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Parliament has resumed again and I am feeling energised and positive about continuing to bring the perspective of the people of Selwyn to our House of Representatives as your local MP. A great many of you have already shared with me your views on the issues of euthanasia and the use of medicinal cannabis, and I thank you for doing so.

While these issues can provoke strong opinions on both sides, sometimes topics such as the economy or industrial relations can make us switch off.

Under the National-led Government, New Zealand has had an enviable track record over of lifting employment and growing wages, with 245,000 jobs created in the last two years. Wages are growing at twice the rate of inflation and we now have the third highest employment rate in the OECD.

All the evidence is that our current employment settings are some of the best and most successful in the world. Take home pay for someone on the average wage has increased twice as fast in New Zealand as in Australia.

Unfortunately the current Government seems determined to bring in reforms that have strangled growth in other economies, thus putting at risk the very positive job market New Zealand has enjoyed over the last few years.

The Government’s planned labour market reforms will result in fewer jobs for Kiwi workers, increase the cost of living and make our businesses less competitive.

The Government says that removing the starting out wage and 90-day trials for businesses with more than 20 staff will help support workers, but instead it will make it much harder for young, unskilled and vulnerable workers to find employment.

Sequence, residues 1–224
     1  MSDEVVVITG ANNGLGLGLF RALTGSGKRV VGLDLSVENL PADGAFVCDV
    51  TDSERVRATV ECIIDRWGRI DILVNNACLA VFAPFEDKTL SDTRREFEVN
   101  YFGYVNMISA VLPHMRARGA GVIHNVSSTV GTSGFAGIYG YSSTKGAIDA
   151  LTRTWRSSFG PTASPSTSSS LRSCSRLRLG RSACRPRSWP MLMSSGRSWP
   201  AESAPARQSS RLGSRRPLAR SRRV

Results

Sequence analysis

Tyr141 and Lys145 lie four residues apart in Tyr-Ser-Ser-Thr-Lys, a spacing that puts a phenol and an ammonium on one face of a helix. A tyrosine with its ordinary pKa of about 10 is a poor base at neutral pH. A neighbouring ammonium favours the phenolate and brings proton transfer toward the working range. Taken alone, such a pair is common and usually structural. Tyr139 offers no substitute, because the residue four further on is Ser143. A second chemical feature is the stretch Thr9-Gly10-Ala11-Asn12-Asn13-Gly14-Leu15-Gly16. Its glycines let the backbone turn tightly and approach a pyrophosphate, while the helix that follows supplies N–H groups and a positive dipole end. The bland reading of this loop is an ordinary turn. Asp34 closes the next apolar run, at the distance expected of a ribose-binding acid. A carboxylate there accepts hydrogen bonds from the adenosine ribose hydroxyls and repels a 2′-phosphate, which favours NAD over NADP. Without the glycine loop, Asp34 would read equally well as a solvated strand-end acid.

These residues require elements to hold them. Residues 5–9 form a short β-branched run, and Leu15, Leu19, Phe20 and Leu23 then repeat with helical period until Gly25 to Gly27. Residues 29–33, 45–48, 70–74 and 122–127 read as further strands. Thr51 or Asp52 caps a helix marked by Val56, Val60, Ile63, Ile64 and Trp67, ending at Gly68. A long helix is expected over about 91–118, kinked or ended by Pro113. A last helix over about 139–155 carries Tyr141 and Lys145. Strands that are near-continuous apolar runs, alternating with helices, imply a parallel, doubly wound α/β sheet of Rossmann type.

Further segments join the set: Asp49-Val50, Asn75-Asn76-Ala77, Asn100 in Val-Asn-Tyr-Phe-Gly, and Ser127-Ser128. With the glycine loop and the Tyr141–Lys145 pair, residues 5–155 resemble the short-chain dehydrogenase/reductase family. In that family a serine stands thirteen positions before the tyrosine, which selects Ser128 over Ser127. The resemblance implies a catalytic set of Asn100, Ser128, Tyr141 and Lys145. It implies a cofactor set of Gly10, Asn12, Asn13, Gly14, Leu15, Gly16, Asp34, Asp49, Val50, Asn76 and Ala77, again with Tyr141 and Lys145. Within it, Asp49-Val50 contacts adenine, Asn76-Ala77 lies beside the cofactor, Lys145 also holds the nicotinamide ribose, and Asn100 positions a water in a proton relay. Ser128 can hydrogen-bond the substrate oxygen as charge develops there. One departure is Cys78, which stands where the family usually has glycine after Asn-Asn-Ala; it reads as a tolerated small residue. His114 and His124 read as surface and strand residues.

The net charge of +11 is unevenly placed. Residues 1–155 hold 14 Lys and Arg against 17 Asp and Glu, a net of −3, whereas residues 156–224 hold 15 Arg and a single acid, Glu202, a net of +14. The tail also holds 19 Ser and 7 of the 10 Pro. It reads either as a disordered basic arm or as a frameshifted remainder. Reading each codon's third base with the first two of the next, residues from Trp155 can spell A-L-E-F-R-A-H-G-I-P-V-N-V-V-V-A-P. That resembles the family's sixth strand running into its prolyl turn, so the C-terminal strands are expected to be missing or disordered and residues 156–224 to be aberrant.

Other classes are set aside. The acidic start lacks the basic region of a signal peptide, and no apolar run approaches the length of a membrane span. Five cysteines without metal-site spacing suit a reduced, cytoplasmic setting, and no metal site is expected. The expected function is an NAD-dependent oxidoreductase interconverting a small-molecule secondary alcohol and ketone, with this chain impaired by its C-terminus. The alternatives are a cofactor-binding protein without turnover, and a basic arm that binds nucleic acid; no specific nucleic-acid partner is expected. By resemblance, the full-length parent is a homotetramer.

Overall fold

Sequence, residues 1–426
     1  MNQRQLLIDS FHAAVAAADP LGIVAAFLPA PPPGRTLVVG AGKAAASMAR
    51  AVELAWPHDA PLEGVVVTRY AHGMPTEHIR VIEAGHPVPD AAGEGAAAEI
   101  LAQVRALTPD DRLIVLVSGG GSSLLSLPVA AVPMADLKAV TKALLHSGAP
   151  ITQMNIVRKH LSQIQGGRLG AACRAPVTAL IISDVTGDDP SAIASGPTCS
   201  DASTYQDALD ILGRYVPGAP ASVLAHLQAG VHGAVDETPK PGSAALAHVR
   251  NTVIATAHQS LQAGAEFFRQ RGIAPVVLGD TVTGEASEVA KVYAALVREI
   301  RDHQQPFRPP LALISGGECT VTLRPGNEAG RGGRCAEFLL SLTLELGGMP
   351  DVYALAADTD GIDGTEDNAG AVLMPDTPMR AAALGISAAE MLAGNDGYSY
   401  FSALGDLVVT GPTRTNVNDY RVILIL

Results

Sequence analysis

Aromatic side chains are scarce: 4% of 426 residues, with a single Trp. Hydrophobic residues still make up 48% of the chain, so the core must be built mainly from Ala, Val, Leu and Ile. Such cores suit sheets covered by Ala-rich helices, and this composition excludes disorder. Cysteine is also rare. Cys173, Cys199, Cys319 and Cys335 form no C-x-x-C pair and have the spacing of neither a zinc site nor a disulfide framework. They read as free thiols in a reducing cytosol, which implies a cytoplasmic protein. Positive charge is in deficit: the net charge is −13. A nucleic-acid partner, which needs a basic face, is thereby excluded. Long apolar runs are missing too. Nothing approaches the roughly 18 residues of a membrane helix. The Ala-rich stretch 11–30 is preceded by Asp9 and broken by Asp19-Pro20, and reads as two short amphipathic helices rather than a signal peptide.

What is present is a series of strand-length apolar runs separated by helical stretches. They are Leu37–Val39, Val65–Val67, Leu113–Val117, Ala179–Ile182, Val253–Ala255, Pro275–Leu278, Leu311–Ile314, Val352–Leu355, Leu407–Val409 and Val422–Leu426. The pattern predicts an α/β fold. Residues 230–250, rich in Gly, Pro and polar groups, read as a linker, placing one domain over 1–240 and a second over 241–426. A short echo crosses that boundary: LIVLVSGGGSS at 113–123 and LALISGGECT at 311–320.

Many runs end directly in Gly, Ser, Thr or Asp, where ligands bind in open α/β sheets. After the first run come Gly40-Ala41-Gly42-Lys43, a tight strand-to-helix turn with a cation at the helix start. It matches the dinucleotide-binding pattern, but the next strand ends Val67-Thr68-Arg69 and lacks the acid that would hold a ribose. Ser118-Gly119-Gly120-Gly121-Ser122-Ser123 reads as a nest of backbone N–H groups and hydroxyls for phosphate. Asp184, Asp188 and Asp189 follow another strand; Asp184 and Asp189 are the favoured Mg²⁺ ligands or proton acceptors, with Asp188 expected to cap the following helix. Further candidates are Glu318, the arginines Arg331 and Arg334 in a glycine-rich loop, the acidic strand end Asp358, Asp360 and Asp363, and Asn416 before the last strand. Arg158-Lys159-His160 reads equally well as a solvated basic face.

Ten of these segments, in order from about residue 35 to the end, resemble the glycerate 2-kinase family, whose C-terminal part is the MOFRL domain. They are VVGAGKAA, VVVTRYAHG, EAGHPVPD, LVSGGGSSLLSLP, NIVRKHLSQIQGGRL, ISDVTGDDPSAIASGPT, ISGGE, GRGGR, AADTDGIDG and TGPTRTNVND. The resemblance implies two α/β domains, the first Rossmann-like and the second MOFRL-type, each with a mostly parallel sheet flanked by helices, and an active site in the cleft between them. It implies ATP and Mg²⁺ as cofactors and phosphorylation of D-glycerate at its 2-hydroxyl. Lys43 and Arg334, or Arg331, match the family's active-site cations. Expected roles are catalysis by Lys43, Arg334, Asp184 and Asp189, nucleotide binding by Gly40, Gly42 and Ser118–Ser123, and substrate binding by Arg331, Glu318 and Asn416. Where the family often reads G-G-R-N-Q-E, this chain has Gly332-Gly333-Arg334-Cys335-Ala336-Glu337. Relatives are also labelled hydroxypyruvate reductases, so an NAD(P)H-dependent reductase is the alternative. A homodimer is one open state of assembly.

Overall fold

While a rapid increase in the minimum wage to $20 per hour sounds at face value like a brilliant idea, the advice from Government officials is that this would cost tens of thousands of jobs.

Meanwhile the Government’s proposals for 1970s-style standardised wages bargaining will mean that entire industries will be bound by a collective agreement setting minimum standards for wages, allowances, hours of work and leave arrangements.

Because negotiation can occur between unions and an industry body under these so-called “Fair Pay Agreements”, it is possible that employers and employees in a workplace covered by the agreements may not even be part of the negotiations, which doesn’t seem fair at all.

This policy is out of step with the way the world is going. With changing technology, modern workplaces need to be flexible and resilient – not locked into outdated industry-wide agreements.

Already we are seeing businesses across the country lose confidence and saying they are planning on hiring fewer people.

New Zealanders have become used to living in the successful, aspirational country that they have worked so hard for. The challenge is to ensure that continues and that is why we have launched a campaign, “Protect NZ jobs”, to explain the proposals so that everyone is aware of what is being planned. For more information, visit www.protectNZjobs.co.nz .

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